I got a phone call Monday morning.  “We are sending the labs and x-rays to the oncologist and an orthopedist.  (pause)  There is a shadow on the distal tip of the right ulna.  It’s not clear what it is.  It may just be a shadow.  It doesn’t have the same moth-eaten pattern that is characteristic of osteosarcoma, but we don’t know what to make of it.”

As my sister put it in an SMS reply:  “Shit.”

My heart sped up a bit.  I felt like vomiting.  I wanted to be angry at something, but had no target.  I wanted to be furious, but I didn’t know where to direct it.  I took a deep breath, and accepted that life is terminal for everything that lives.  I think a couple more tears escaped me.  That’s been kind of the norm for the last month or so.  Then, a moment of pause.

For now, I was deeply thankful to just have the chance at one more night with my buddy.  No doubt I felt betrayed that so many have gone through so much to be so hopeful; only for a shadow to show on an x-ray mere days after amputation.

“Whatever it is on the x-ray, I’m picking him up tonight,” I told the doc, “I need him home.”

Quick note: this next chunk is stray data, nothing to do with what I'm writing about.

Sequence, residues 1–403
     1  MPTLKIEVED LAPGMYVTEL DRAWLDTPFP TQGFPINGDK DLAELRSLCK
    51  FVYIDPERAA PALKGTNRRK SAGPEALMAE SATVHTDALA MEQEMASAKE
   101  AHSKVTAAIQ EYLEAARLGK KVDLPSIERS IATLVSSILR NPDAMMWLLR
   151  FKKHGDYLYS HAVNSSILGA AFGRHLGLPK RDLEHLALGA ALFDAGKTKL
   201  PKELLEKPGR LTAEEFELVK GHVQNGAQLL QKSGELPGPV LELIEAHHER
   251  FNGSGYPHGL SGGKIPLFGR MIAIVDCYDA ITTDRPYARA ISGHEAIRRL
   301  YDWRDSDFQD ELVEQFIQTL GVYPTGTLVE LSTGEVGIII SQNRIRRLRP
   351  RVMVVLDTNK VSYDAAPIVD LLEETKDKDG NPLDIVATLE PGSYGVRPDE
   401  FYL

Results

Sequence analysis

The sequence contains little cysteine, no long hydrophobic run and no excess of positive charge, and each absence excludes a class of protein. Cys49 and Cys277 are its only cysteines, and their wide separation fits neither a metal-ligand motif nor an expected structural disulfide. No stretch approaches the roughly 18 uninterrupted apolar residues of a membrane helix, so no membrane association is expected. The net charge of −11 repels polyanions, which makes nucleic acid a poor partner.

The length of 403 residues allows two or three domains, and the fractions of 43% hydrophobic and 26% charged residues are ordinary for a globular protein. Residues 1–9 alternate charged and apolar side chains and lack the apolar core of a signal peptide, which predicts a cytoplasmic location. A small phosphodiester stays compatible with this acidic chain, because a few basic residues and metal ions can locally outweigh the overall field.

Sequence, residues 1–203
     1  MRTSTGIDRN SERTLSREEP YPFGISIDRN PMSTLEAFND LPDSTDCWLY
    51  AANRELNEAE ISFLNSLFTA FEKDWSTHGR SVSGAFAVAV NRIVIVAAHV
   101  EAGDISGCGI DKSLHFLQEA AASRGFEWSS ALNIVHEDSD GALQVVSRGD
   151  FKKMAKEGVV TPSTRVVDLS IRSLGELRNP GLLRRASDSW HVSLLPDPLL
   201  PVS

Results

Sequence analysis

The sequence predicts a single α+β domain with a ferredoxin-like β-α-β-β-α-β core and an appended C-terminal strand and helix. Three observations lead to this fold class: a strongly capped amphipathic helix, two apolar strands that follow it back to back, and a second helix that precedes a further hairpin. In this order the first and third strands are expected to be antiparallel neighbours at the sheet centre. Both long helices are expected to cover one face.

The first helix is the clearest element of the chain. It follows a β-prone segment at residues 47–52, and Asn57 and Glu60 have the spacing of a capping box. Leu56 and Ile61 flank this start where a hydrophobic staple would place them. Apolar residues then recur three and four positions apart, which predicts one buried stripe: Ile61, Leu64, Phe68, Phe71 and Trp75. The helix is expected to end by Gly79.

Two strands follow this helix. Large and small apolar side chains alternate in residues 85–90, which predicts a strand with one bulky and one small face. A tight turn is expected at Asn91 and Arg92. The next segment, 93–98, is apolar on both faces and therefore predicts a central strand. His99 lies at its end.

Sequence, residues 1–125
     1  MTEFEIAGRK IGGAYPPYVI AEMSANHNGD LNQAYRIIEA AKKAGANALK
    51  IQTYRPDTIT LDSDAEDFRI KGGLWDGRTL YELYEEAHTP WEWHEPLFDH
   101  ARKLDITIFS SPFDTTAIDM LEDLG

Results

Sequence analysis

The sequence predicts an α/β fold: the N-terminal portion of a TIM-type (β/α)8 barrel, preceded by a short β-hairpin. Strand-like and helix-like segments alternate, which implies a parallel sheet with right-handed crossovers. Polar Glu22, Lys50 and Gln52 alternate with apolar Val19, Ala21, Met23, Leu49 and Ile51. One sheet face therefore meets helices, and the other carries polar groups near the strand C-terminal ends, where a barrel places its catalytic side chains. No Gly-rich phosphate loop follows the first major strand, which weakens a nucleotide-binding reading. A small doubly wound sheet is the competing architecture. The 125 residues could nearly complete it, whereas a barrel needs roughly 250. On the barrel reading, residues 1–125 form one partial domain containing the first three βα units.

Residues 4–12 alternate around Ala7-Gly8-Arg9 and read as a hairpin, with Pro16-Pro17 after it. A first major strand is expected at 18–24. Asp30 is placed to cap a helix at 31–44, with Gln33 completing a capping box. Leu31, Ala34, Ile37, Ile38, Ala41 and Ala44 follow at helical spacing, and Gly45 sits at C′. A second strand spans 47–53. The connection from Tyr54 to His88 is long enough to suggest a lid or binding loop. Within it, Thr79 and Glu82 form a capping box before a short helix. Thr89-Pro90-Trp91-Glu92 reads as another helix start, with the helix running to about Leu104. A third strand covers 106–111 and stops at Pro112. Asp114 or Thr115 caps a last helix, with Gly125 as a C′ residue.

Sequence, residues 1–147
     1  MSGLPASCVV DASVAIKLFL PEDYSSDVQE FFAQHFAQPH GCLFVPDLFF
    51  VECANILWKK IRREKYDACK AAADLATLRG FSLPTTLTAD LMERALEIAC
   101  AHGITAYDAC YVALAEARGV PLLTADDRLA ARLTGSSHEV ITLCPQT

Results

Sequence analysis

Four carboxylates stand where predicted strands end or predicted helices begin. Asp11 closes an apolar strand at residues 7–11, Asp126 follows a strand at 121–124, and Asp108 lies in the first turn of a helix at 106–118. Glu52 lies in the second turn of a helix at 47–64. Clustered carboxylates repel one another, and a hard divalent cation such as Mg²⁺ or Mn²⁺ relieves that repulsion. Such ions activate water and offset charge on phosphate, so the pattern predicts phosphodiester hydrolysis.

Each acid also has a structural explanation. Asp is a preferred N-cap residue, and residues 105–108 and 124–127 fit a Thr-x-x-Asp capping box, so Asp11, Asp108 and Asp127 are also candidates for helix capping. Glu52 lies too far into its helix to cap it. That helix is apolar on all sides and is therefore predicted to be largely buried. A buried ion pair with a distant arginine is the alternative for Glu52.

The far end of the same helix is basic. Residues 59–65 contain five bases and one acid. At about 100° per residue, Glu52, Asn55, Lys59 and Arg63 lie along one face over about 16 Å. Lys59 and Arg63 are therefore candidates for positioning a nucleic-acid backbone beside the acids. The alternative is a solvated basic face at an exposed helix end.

He tried to reassure me, “Absolutely.  But don’t read more into this than I am saying.  Let’s hear what they think before we jump to conclusions.  It’s a shadow.  We are consulting them for their opinion.”

I was 25 miles away from the clinic when I got out of class.  There was still no follow-up from the clinic.  Anyone who knows Austin traffic knows that there is no easy way out of the city at rush hour, and while I live in the city, the clinic is in the suburbs .  I took a toll lane that I swore I would never use to get to a clinic I knew was going to be busy enough that I would have to wait for a few minutes.

Two vets came into the exam room before they brought Roscoe to me.  Both of them were smiling.

I like smiling vets.

“The shadow was only visible on one angle.  We re-shot it at a different angle and the bone appears normal.  Both the oncologist and ortho agree it’s just a positional shadow on a normal ulna.  We all recommend starting chemo this week, if possible, and if you still want to go that route.  CBC is optimal.  Chest and other views are clear,” one of them said.

I reminded myself that life itself is a fatal condition.

I was thankful, again, for one more night with Roscoe.  In a bigger way, I was thankful for a lot of things that I seem to normally take for granted.  It’s a small token, the things that a pup can teach us, a small but priceless token.

The first 48 hours in five weeks without a visit to a kennel or hospital.